When surface mount components (i.e. chip components) are glued to the bottom side of the board, it is important to ensure that the ΔT between the temperature of the components and solder temperature is between 100° and 110°C. It is important to follow the supplier’s specifications for wave soldering surface mounted components.

Conveyor speed. A typical conveyor speed setting will be in the range of 1 to 1.5 m/min. The speed setting depends on board complexity. Single-sided boards often can be soldered at high speed because they often have a low thermal demand and no plated-through barrel, and thus do not require topside fillets. A multilayer board may have a high thermal demand and 1 m/min could be too fast. To optimize the conveyor speed, it is also important to consider the board layout at the solder side, which can be a decisive factor to prevent solder bridging.

Soldering temperature. The solderpot temperature setting depends on the type of solder, but also may be related to the product to be soldered (i.e., board complexity, pallet use, or exposed bottom-side surface mount components). In general, low temperature settings are recommended to avoid board warpage and component damage. Lower temperatures create less dross, and extend the lifetime of the flux so that it has better tail activity. During soldering, the topside board temperature must be below the melting point of the surface mount component joints to avoid double reflow. For SnPb solders, 245° to 250°C is a common setting. For SAC alloys, 260° to 265°C is the recommended setting. It is important to keep the solder bath volume constant to maintain soldering temperatures.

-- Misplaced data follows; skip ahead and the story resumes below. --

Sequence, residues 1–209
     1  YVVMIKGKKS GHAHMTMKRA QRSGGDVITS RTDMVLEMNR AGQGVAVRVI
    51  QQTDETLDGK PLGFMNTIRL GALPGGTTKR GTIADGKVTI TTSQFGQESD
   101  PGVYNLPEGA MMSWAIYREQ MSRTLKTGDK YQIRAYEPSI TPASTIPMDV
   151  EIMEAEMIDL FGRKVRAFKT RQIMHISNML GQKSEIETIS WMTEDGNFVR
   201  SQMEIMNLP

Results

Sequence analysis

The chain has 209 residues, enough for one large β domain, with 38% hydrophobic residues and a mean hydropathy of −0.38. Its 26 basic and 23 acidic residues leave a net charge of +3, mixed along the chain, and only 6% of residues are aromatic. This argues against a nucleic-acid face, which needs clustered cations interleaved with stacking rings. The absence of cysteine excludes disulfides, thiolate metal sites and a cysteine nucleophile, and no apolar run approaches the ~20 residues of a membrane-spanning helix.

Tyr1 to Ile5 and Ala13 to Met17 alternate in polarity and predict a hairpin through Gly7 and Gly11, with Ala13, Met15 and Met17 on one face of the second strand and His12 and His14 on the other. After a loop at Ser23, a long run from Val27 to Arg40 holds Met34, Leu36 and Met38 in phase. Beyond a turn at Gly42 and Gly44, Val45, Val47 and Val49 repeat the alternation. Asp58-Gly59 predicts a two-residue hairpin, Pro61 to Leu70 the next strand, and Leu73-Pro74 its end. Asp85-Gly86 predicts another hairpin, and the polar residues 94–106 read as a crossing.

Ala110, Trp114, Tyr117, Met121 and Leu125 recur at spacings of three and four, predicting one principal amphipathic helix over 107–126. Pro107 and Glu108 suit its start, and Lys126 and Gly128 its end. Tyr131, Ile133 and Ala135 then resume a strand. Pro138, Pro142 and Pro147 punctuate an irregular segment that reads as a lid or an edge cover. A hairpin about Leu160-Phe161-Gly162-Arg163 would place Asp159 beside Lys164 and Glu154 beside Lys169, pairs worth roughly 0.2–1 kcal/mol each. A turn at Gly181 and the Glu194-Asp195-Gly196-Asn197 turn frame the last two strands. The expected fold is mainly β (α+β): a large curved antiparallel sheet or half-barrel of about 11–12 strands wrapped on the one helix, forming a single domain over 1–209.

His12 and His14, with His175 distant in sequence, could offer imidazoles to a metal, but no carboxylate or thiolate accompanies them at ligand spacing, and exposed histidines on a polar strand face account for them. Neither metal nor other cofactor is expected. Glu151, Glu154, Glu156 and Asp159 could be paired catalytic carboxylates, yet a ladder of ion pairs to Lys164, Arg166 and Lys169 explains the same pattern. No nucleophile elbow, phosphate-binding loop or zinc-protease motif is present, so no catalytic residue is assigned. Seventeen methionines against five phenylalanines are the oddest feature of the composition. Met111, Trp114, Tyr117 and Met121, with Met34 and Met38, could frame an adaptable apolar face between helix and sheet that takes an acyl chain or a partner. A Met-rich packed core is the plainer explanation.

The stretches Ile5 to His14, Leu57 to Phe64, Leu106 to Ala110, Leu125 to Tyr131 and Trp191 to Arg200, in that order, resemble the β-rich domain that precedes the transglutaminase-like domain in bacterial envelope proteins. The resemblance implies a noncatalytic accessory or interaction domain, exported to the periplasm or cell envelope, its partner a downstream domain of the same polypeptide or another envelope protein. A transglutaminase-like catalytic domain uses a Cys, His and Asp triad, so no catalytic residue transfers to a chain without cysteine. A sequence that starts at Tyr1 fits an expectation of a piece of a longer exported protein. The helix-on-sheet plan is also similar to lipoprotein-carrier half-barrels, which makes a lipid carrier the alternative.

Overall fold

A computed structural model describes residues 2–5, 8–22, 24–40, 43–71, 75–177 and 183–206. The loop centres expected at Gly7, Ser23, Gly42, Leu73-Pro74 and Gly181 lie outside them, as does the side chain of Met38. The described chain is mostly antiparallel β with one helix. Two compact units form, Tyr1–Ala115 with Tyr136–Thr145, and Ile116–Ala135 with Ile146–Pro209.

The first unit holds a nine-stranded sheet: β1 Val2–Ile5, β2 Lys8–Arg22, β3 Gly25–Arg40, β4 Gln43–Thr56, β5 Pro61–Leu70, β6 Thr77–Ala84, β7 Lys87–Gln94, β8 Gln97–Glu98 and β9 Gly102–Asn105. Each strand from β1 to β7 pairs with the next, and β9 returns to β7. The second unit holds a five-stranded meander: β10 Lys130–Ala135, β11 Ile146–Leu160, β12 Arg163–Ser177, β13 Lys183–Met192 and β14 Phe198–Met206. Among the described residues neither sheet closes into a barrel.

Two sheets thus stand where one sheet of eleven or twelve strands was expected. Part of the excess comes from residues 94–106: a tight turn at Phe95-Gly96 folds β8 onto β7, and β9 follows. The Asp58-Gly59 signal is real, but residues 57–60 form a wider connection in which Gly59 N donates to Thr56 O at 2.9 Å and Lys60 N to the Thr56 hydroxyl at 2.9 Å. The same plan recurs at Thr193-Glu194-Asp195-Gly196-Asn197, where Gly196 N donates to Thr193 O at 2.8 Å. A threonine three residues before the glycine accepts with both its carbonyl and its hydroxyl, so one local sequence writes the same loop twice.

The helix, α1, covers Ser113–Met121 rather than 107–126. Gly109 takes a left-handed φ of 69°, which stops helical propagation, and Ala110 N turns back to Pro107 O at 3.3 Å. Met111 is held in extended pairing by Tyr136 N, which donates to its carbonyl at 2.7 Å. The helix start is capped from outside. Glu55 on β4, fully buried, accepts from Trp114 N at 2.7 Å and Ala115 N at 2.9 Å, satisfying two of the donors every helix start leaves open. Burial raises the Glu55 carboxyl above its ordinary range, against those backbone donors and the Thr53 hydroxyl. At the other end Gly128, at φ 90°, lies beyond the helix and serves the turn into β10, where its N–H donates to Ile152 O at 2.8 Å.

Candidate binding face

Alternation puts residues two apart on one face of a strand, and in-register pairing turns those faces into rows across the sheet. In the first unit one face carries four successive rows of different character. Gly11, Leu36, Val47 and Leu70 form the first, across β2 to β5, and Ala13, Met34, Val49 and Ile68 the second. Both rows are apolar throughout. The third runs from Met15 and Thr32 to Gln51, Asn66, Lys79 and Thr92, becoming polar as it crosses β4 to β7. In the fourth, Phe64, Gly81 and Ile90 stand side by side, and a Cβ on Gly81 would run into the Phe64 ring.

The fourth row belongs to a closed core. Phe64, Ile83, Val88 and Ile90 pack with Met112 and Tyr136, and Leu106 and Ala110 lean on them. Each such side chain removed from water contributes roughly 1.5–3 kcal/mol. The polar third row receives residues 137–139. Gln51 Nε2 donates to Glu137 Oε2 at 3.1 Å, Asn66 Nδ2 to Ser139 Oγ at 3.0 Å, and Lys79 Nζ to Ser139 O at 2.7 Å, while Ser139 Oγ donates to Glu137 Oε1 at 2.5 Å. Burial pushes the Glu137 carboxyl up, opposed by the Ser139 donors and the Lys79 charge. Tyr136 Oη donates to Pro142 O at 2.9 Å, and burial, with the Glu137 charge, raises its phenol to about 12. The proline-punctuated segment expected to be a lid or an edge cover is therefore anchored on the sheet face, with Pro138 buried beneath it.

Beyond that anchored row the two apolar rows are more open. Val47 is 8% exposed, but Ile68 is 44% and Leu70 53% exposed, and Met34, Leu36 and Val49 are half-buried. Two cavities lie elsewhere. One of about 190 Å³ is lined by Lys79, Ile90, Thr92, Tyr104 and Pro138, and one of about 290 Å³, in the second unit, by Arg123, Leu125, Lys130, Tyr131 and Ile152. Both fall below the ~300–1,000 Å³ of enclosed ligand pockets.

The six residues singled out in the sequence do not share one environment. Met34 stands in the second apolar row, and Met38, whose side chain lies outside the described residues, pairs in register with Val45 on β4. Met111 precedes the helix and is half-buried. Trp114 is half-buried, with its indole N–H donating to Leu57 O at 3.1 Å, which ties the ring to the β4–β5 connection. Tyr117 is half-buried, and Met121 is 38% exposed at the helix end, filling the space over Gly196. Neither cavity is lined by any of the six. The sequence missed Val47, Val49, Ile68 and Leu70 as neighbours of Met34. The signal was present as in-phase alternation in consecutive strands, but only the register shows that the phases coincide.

Dwell time. A board must touch the wave for a sufficient time to make a good solder joint. The real contact of a joint depends on the protruding length of the leads and the board layout. The typical contact time for Pb-free applications is between 3 and 6 sec. The dwell time also may affect board warping. To avoid excessive warping, board supports or pallets can be used.

Wave height. The wave height should be kept low to minimize dross formation. In general, lead clearance of 6 to 8 mm relative to the bottom of the assembly to the wave formers in the solder pot is preferred. Lower settings may move components during soldering, as the leads may touch the nozzle rim. A wave height setting should be constant within a few tenths of a millimeter. For this reason, the solder level of the solderpot should be monitored and corrected automatically.